News / Ottawa

CHEO and the Royal shrink wait times for mental health services

New approach puts patients at centre of decision making.

The Children's hospital of Eastern Ontario.

Metro File

The Children's hospital of Eastern Ontario.

Wait times for children with mental problems plummeted last year as a new one-size-doesn’t-fit-all approach has shrunk waits from months to mere weeks.

In a recently released report, CHEO and the Royal Ottawa Hospital both revealed that the wait times for children referred for mental health problems have dropped.

At CHEO, a wait that averaged 200 days in 2014 has been cut down to 22 days. Meanwhile, at the Royal the wait has fallen from 450 days to 20.

CHEO’s chief of psychiatry Dr. Kathleen Pajer, said the change has come because children are no longer being put through an upfront assessment before they get treatment.

She said prior to implementing the Choice and Partnership Approach (CAPA), patients had to wait to see only a handful of specialists and complete an assessment that involved school records and hours of interviews.

“That assessment, depending on the person, can take anywhere from one to six hours over a couple of days,” said Pajer. “That leads to basically a bottleneck in the system. That is the only way to get into the system.”

She said when they talked to patients about how to make improvements, they were told to do away with the assessments.

“Patient after patient, parent after parent said 'Stop assessing us so much and start treating us,'” she said.

Pajer said patients are now offered a much quicker initial interview and are then directed to someone – who could be a social worker, psychologist or psychiatrist – for treatment.

She said they ask the patient and family what the biggest issue is and also ask how best to solve it. She said they ask the family as well about how much change they can handle so real improvement can actually take place.

“We can write all sorts of glorious behavioural or psychological prescriptions and a family may not be able to actually do them,” she said. “We’re focused on what the family thinks is the primary problem and that actually gets you more clinical yield.”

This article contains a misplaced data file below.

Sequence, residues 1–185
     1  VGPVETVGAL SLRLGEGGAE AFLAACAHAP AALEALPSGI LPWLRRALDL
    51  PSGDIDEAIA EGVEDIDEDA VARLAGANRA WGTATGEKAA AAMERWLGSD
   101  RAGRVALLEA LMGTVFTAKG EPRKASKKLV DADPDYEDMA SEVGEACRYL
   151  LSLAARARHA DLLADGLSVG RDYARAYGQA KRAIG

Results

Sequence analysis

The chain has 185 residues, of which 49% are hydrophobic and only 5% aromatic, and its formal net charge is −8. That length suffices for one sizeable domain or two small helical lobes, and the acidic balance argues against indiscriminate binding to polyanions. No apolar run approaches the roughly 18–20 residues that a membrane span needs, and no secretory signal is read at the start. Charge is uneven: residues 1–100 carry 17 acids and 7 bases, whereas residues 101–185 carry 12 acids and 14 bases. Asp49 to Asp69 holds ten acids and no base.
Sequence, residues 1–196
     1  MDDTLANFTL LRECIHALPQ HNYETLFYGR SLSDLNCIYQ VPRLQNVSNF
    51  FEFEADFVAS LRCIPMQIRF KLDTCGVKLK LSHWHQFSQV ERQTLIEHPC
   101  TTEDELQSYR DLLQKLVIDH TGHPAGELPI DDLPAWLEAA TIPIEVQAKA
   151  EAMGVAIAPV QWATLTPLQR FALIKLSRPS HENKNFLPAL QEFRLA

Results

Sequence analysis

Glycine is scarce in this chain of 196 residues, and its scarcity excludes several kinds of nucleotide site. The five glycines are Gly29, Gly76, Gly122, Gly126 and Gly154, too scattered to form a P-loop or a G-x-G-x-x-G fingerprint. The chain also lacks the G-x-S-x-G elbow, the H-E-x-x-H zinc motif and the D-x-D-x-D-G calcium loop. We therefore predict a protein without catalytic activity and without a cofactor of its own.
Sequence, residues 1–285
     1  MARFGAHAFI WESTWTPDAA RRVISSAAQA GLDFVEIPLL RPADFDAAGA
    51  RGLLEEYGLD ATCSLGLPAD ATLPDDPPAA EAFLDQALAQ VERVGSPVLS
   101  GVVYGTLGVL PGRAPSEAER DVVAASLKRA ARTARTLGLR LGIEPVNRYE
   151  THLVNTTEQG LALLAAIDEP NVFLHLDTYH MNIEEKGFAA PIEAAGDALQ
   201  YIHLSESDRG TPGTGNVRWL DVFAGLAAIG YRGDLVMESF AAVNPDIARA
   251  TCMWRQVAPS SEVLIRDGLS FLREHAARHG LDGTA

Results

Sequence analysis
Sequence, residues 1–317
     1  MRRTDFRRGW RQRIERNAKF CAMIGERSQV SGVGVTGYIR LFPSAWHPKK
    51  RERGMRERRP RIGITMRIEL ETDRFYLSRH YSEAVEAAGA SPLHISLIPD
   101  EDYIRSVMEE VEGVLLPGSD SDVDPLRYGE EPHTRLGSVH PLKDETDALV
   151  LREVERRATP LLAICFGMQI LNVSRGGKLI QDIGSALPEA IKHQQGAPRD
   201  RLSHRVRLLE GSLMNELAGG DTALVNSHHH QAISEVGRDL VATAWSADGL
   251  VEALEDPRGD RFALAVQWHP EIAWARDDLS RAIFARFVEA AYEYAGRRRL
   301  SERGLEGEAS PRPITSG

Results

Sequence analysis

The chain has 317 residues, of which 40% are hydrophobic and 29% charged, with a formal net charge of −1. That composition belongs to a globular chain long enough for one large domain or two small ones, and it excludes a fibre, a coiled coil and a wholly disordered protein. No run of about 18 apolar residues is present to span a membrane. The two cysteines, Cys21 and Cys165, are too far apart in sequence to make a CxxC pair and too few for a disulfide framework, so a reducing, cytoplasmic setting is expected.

The changes have lead to increases in the amount of referrals with a slight increase this year at CHEO and a 33 per cent jump at the Royal.

“The flow through the system is much faster so we can handle more kids.”

Pajer said this year has been about reducing the wait list .  

“The first task we have over the next three or four years is to make sure we keep the wait list down,” she said.

Part of that involves making sure that patients are involved in the process and that everyone is working towards getting them better.

“You don’t take somebody on without having clear goals for what they are seeing you for and monitoring those goals on a regular basis and then discharging them when the goals have been met.”

She said to do that they are working on better scheduling for patients and centralizing physicians calendars.  

They are also taking what they learned during the last year to determine what sorts of physicians they should hire and train.

“What we have discovered with that is we have holes in the treatment that our patients clinically needs.”

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